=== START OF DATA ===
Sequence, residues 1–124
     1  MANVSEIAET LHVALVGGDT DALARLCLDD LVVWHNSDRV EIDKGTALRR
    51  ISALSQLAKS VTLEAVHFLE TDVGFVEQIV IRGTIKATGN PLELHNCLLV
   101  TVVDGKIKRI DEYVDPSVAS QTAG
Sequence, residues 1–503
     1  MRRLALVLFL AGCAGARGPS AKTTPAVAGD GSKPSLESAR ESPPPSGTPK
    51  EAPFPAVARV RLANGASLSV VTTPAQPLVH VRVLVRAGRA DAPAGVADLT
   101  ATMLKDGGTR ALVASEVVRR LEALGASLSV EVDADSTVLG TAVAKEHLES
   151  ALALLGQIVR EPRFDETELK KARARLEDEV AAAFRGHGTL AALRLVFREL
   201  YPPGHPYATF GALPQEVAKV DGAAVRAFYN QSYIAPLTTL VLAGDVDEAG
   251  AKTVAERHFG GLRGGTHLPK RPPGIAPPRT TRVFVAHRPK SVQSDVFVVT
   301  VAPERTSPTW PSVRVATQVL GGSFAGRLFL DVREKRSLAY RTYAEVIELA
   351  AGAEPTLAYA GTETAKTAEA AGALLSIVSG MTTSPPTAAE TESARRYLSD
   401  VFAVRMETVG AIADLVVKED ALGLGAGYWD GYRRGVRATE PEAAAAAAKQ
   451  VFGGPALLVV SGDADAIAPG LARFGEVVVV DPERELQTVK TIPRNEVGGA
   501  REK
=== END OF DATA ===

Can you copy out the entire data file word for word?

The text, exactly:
Sequence, residues 1–124
     1  MANVSEIAET LHVALVGGDT DALARLCLDD LVVWHNSDRV EIDKGTALRR
    51  ISALSQLAKS VTLEAVHFLE TDVGFVEQIV IRGTIKATGN PLELHNCLLV
   101  TVVDGKIKRI DEYVDPSVAS QTAG
Sequence, residues 1–503
     1  MRRLALVLFL AGCAGARGPS AKTTPAVAGD GSKPSLESAR ESPPPSGTPK
    51  EAPFPAVARV RLANGASLSV VTTPAQPLVH VRVLVRAGRA DAPAGVADLT
   101  ATMLKDGGTR ALVASEVVRR LEALGASLSV EVDADSTVLG TAVAKEHLES
   151  ALALLGQIVR EPRFDETELK KARARLEDEV AAAFRGHGTL AALRLVFREL
   201  YPPGHPYATF GALPQEVAKV DGAAVRAFYN QSYIAPLTTL VLAGDVDEAG
   251  AKTVAERHFG GLRGGTHLPK RPPGIAPPRT TRVFVAHRPK SVQSDVFVVT
   301  VAPERTSPTW PSVRVATQVL GGSFAGRLFL DVREKRSLAY RTYAEVIELA
   351  AGAEPTLAYA GTETAKTAEA AGALLSIVSG MTTSPPTAAE TESARRYLSD
   401  VFAVRMETVG AIADLVVKED ALGLGAGYWD GYRRGVRATE PEAAAAAAKQ
   451  VFGGPALLVV SGDADAIAPG LARFGEVVVV DPERELQTVK TIPRNEVGGA
   501  REK